|Christians gather for a service at Huaqiu Church in
Zunyi, Guizhou, in this undated photo.
(Zunyi, Guizhou—May 13, 2018) Religious affairs bureau personnel met with nine members of an unregistered church in China’s southern Guizhou and tried to coerce them to join the state-run Three-Self Church on Tuesday.
The church’s director, Mr. Mou, said that the religious affairs bureau officials told him and the eight other members of Huaqiu Church present at the meeting that the congregation join the Three-Self Church, which would subject it to censorship and monitoring.
“We told them that we belong to a house church,” Mr. Mou said, using the colloquial term for unregistered church, “and we won’t register at the official church. An official replied that we have to obtain government permission (to hold services) anyway … The officials asked us to ‘be more open’ and instructed us to communicate with pastors from the China Christian Council and the National Committee of the Three-Self Patriotic Movement.”
The China Christian Council and the Three-Self Patriotic Movement are China’s only two Christian government organizations.
Authorities also warned the church against having foreign connections. Mou said, “(An official) said that I misunderstood the concept of the Three-Self Churches, which, according to him, are Chinese churches that will not cooperate with foreigners.” China views religions that originate from outside of China as attempts from the outside to ideologically infiltrate their country and often harasses religious people who communicate with friends from other nations.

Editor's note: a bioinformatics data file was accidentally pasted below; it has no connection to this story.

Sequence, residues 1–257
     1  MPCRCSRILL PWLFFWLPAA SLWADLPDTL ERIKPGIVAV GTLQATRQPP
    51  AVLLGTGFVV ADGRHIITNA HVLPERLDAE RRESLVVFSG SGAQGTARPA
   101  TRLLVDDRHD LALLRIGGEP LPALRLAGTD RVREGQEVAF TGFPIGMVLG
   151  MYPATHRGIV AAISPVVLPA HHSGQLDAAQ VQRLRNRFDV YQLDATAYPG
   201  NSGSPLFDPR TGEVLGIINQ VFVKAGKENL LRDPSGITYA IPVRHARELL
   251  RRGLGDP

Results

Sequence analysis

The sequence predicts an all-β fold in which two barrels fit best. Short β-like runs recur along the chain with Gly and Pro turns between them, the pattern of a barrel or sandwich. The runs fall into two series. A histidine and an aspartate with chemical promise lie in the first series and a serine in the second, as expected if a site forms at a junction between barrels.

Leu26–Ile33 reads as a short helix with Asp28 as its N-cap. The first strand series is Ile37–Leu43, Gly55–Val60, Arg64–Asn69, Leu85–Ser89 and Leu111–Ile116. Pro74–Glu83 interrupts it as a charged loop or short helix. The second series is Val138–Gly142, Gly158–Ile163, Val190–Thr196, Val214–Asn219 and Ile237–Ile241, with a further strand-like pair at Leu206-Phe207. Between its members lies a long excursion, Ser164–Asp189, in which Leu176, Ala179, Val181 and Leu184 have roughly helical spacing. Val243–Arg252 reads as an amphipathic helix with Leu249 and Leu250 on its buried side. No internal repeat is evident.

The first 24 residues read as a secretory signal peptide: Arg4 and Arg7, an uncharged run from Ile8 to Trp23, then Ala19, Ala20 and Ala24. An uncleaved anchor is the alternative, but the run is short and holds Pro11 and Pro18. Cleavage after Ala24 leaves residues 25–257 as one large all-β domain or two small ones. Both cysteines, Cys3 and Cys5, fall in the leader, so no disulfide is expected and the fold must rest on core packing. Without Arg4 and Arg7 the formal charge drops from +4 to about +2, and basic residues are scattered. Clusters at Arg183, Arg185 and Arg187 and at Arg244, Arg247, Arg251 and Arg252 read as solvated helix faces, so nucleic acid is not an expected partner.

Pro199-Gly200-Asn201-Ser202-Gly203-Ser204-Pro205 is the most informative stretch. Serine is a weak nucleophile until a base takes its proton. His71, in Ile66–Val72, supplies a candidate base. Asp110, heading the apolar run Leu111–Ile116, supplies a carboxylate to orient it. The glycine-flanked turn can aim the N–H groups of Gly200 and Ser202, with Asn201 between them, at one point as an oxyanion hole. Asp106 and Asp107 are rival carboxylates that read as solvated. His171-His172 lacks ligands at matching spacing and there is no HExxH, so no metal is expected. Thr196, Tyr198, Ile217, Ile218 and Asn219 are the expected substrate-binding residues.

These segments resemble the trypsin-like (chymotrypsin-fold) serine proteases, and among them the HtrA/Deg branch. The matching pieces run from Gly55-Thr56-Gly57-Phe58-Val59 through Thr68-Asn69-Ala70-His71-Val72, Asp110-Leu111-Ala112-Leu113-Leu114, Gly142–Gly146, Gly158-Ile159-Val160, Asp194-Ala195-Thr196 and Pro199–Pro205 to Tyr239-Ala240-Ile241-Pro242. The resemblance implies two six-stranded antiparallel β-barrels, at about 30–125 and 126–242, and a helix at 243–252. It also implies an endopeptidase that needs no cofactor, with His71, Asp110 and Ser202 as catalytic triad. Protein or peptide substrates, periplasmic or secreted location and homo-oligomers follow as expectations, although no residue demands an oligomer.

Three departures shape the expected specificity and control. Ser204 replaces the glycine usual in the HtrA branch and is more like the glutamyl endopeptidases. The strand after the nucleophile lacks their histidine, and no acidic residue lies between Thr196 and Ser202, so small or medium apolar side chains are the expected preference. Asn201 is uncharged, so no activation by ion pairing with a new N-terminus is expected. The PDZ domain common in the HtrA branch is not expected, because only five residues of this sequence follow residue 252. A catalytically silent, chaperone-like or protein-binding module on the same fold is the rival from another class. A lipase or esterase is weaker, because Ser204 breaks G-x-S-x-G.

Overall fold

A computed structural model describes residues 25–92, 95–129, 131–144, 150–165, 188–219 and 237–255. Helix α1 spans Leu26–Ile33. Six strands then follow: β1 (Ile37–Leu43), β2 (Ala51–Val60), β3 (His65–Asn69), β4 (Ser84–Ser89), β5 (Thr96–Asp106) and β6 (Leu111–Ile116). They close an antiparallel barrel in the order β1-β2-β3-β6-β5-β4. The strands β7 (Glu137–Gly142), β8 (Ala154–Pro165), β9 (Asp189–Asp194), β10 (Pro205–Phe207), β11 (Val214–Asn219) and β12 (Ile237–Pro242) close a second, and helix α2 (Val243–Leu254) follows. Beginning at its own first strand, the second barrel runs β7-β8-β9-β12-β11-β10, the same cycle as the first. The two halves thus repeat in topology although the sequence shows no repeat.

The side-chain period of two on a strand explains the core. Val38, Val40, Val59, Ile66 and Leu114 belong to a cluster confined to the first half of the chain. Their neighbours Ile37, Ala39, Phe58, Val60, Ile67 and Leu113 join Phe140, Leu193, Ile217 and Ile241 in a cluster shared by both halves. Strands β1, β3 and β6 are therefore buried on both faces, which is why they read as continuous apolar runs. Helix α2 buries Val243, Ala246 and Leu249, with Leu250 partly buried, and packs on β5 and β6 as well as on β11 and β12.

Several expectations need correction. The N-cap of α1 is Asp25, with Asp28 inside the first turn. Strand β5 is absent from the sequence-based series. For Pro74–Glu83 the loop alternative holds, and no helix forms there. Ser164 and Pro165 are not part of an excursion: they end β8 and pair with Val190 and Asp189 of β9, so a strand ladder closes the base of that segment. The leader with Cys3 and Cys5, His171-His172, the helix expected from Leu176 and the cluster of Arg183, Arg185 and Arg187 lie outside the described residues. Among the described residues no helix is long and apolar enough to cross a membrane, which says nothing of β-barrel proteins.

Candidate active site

In addition, the Huaqiu Church members received a copy of the newly-revised Religious Affairs Regulations, which went to effect on Feb. 1, and the agents who spoke with them encouraged them to read it, saying that its intention was assimilate Christianity into Chinese society. Known in China as “Sinicization,” this tactic aims to monitor and tailor religions until they fit the government’s agenda and tout its propaganda.
This is not the first time the government has targeted Huaqiu Church. Last June, the police pressured the church to give out members’ personal information. Later, they asked one of the attendees, Cao Xianmo, to sign a letter guaranteeing that he would never attend any services in the future. Otherwise, they said, his grandson would be blocked from the college entrance exam, which is required for those seeking a bachelor’s degree, and would be kept from joining the army. At the same time, the police and the religious affairs bureau jointly forbade the members from bringing their children to church. If a child was found in the church, they would be similarly disqualified from higher education and the military.
ChinaAid exposes abuses, such as those suffered by the members of Huaqiu Church, in order to stand in solidarity with persecuted Christians and promote religious freedom, human rights, and rule of law.